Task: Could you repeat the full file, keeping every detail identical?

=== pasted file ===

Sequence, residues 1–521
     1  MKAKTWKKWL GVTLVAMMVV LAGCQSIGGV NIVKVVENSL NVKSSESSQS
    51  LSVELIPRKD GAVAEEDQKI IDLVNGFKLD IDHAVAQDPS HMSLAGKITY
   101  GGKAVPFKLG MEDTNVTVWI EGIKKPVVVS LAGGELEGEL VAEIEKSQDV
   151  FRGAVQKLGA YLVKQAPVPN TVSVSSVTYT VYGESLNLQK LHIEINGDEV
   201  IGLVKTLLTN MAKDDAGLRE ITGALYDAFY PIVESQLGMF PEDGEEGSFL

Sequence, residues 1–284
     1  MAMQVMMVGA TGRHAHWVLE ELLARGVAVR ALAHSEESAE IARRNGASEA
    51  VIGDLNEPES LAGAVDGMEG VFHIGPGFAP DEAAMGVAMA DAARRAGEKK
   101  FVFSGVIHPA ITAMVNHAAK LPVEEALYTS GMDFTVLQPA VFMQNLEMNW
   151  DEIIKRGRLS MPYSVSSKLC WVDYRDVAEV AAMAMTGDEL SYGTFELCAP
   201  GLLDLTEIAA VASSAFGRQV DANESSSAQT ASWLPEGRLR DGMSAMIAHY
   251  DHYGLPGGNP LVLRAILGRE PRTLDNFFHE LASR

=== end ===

Sequence, residues 1–521
     1  MKAKTWKKWL GVTLVAMMVV LAGCQSIGGV NIVKVVENSL NVKSSESSQS
    51  LSVELIPRKD GAVAEEDQKI IDLVNGFKLD IDHAVAQDPS HMSLAGKITY
   101  GGKAVPFKLG MEDTNVTVWI EGIKKPVVVS LAGGELEGEL VAEIEKSQDV
   151  FRGAVQKLGA YLVKQAPVPN TVSVSSVTYT VYGESLNLQK LHIEINGDEV
   201  IGLVKTLLTN MAKDDAGLRE ITGALYDAFY PIVESQLGMF PEDGEEGSFL

Sequence, residues 1–284
     1  MAMQVMMVGA TGRHAHWVLE ELLARGVAVR ALAHSEESAE IARRNGASEA
    51  VIGDLNEPES LAGAVDGMEG VFHIGPGFAP DEAAMGVAMA DAARRAGEKK
   101  FVFSGVIHPA ITAMVNHAAK LPVEEALYTS GMDFTVLQPA VFMQNLEMNW
   151  DEIIKRGRLS MPYSVSSKLC WVDYRDVAEV AAMAMTGDEL SYGTFELCAP
   201  GLLDLTEIAA VASSAFGRQV DANESSSAQT ASWLPEGRLR DGMSAMIAHY
   251  DHYGLPGGNP LVLRAILGRE PRTLDNFFHE LASR